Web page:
- Leslie Stephen
Stephen was born at
Kensington Gorein London, the brother of James Fitzjames Stephenand grandson of James Stephen. His family had belonged to the Clapham Sect, the early 19th century group of mainly evangelical Christian social reformers. At his father's house he saw a good deal of the Macaulays, James Spedding, Sir Henry Taylorand Nassau Senior. After studying at Eton College, King's College Londonand Trinity Hall, Cambridge, where he graduated B.A. (20th wrangler) in 1854 and M.A. in 1857, Stephen remained for several years a fellow and tutor of his college. He recounted some of his experiences in a chapter in his "Life of Fawcett" as well as in some less formal Sketches from "Cambridge: By a Don" (1865). These sketches were reprinted from the " Pall Mall Gazette", to the proprietor of which, George Smith, he had been introduced by his brother. It was at Smith's house at Hampstead that Stephen met his first wife, Harriet Marion (1840 - 1875), daughter of William Makepeace Thackeray, with whom he had a daughter, Laura Makepeace Stephen (1870 - 1945); after her death he married Julia Prinsep Jackson (1846 - 1895), widow of Herbert Duckworth. By her, he was the father of Virginia Woolfand Vanessa Bell.
While at Cambridge, Stephen became an
Anglicanclergyman. In 1865, having renounced his religious beliefs, and after a visit to the United Statestwo years earlier, where he had formed lasting friendships with Oliver Wendell Holmes, Jr., James Russell Lowelland Charles Eliot Norton, he settled in Londonand became a journalist, eventually editing the " Cornhill Magazine" in 1871 where R.L. Stevenson, Thomas Hardy, W.E. Norris, Henry Jamesand James Paynfigured among his contributors.In his spare time, he participated in athletics and mountaineering. He also contributed to the "Saturday Review", "Fraser", "Macmillan", the "Fortnightly" and other periodicals. He was already known as a climber, as a contributor to "Peaks, Passes and Glaciers" (1862), and as one of the earliest presidents of the Alpine Club, when in 1871, in commemoration of his own first ascents in the Alps, he published "The Playground of Europe", which immediately became a mountaineering classic, drawing – together with Whymper's "Scrambles Amongst the Alps" – successive generations of its readers to the Alps.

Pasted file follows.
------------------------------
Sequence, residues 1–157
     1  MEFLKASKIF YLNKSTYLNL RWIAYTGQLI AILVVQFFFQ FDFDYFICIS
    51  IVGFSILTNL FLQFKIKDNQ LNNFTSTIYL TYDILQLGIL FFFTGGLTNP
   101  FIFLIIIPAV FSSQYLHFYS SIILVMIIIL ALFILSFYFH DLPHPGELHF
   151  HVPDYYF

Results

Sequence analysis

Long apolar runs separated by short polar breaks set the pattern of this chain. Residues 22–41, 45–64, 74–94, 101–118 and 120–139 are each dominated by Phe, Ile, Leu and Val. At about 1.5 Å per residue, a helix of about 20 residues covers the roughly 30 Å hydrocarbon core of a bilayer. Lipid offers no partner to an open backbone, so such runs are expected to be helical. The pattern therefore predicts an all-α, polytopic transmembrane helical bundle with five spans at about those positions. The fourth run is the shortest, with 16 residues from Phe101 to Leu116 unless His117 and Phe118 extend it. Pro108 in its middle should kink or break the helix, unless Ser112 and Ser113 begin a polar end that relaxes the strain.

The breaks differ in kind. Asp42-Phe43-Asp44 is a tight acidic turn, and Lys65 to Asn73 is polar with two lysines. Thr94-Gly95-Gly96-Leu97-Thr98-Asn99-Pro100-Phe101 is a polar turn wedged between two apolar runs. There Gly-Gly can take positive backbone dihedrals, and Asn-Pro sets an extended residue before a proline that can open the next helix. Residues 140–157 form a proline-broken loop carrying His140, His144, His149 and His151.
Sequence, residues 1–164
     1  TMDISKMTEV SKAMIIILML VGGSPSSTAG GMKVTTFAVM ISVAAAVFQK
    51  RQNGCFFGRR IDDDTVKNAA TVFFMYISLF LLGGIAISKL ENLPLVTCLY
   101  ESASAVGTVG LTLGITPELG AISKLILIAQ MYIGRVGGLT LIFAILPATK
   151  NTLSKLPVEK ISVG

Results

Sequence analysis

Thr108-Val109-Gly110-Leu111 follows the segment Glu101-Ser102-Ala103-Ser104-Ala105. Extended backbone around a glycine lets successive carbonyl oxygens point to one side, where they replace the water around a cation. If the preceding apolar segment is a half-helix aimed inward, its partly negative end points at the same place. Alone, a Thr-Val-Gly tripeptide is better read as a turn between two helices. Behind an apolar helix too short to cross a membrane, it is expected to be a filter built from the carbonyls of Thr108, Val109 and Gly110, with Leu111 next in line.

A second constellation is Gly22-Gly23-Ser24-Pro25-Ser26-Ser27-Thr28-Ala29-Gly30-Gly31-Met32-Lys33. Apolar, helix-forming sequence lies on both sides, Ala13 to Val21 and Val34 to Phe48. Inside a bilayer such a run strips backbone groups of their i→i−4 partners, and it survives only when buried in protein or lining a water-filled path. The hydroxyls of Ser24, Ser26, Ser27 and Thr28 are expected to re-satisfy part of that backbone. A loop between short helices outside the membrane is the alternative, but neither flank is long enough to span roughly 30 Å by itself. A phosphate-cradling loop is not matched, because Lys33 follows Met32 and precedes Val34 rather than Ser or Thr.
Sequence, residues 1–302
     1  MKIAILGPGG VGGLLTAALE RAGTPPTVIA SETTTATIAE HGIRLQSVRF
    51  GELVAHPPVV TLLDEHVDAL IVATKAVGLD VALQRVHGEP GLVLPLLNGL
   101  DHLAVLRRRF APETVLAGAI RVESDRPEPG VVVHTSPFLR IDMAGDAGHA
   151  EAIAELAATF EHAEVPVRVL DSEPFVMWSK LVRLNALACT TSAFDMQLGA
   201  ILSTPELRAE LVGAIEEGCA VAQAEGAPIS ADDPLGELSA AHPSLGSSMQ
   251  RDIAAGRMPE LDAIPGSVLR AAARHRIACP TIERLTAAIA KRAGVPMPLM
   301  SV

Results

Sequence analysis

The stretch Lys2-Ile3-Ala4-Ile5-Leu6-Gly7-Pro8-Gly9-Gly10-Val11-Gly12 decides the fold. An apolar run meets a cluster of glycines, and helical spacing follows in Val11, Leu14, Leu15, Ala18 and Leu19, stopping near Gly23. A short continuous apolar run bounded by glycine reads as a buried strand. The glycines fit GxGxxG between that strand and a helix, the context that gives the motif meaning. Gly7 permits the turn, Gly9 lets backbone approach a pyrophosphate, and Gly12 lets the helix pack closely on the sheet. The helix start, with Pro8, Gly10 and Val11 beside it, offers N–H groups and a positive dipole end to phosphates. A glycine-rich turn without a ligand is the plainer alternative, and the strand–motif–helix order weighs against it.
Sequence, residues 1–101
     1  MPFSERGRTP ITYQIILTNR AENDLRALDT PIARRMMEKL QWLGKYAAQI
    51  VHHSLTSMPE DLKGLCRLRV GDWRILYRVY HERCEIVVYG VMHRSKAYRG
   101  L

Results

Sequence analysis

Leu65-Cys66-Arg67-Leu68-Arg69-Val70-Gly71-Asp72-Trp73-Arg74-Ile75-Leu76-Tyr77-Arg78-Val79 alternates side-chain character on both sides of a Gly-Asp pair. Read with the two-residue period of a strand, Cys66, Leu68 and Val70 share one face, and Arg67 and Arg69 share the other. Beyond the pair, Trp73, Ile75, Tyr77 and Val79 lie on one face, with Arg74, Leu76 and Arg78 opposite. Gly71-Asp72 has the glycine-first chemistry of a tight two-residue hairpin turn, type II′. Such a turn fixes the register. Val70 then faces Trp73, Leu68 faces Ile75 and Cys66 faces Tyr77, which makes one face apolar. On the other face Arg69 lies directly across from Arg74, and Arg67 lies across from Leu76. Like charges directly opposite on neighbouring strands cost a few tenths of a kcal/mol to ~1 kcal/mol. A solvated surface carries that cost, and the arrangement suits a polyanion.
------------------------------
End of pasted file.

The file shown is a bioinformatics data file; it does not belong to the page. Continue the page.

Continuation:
During the eleven years of his editorship, in addition to three volumes of critical studies, he made two valuable contributions to philosophical history and theory: "The History of English Thought in the Eighteenth Century" (1876 and 1881) and "The Science of Ethics" (1882); the second of these was extensively adopted as a textbook on the subject. The first was generally recognized as an important addition to philosophical literature and led immediately to Stephen's election at the
Athenaeum Clubin 1877.
Stephen also served as the first editor (1885–91) of the "
Dictionary of National Biography".
Stephen was one of the most prominent figures in the
golden age of alpinism(the period between Wills's ascent of the Wetterhornin 1854 and Whymper's ascent of the Matterhornin 1865) during which many major alpine peaks saw their first ascents. Joining the Alpine Club in 1857 (the year of its formation), Stephen made the first ascent, usually in the company of his favourite Swiss guide Melchior Anderegg, of the following peaks:
Wildstrubel– 11 September 1858with T. W. Hinchliff and Melchior Anderegg
Bietschhorn– 13 August 1859 with Anton Siegen, Johann Siegen and Joseph Ebener
Rimpfischhorn– 9 September 1859with Robert Liveing, Melchior Anderegg and Johann Zumtaugwald
Alphubel– 9 August 1860 with T. W. Hinchliff, Melchior Anderegg and Peter Perren
Blüemlisalphorn – 27 August 1860 with Robert Liveing, Melchior Anderegg, F. Ogi, P. Simond and J. K. Stone
Schreckhorn– 16 August 1861 with Ulrich Kaufmann, Christian Michel and Peter Michel
Monte Disgrazia– 23 August 1862 with E. S. Kennedy, Thomas Cox and Melchior Anderegg
Zinalrothorn– 22 August 1864 with Florence Crauford Grove, Jakob Anderegg and Melchior Anderegg
*Mont Mallet –
4 September 1871with G. Loppe, F. A. Wallroth, Melchior Anderegg, Ch. and A. Tournier
He was President of the Alpine Club from 1865–1868.
*"The Playground of Europe" (1871)
* "Essays on Free Thinking and Plain Speaking" (1873)
* "The History of English Thought in the Eighteenth Century" (1876)
* "Hours in a Library" (1874-79)
* "The Science of Ethics" (1882)
* "An Agnostic's Apology" (1893)
* "The Utilitarians" (1900)
* Biographies of
Samuel Johnson, Alexander Pope, Jonathan Swift, George Eliotand Thomas Hobbes
* [http://www.archive.org/search.php?query=Leslie%20Stephen%20AND%20mediatype%3Atexts Works by/about Leslie Stephen] at
Internet Archive. Scanned, illustrated original editions.
*Alan Bell, ‘Stephen, Sir Leslie (1832–1904)’, [http://www.oxforddnb.com/view/article/36271 Oxford Dictionary of National Biography] , Oxford University Press, Sept 2004; online edn, May 2006
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